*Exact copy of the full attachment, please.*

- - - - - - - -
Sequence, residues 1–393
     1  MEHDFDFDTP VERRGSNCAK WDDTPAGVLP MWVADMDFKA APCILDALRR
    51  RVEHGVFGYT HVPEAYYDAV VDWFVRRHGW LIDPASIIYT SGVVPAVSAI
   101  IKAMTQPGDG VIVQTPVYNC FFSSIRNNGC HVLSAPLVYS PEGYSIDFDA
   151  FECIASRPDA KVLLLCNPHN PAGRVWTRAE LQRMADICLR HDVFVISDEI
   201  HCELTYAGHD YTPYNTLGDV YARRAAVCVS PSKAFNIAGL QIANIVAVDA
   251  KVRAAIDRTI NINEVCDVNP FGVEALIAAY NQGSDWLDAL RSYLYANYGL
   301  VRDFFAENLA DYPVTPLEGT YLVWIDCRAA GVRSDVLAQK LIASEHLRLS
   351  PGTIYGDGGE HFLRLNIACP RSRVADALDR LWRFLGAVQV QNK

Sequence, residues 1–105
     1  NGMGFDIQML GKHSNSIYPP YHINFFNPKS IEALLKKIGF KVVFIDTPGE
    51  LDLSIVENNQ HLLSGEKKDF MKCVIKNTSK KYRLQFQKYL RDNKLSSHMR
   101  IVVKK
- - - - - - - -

Sequence, residues 1–393
     1  MEHDFDFDTP VERRGSNCAK WDDTPAGVLP MWVADMDFKA APCILDALRR
    51  RVEHGVFGYT HVPEAYYDAV VDWFVRRHGW LIDPASIIYT SGVVPAVSAI
   101  IKAMTQPGDG VIVQTPVYNC FFSSIRNNGC HVLSAPLVYS PEGYSIDFDA
   151  FECIASRPDA KVLLLCNPHN PAGRVWTRAE LQRMADICLR HDVFVISDEI
   201  HCELTYAGHD YTPYNTLGDV YARRAAVCVS PSKAFNIAGL QIANIVAVDA
   251  KVRAAIDRTI NINEVCDVNP FGVEALIAAY NQGSDWLDAL RSYLYANYGL
   301  VRDFFAENLA DYPVTPLEGT YLVWIDCRAA GVRSDVLAQK LIASEHLRLS
   351  PGTIYGDGGE HFLRLNIACP RSRVADALDR LWRFLGAVQV QNK

Sequence, residues 1–105
     1  NGMGFDIQML GKHSNSIYPP YHINFFNPKS IEALLKKIGF KVVFIDTPGE
    51  LDLSIVENNQ HLLSGEKKDF MKCVIKNTSK KYRLQFQKYL RDNKLSSHMR
   101  IVVKK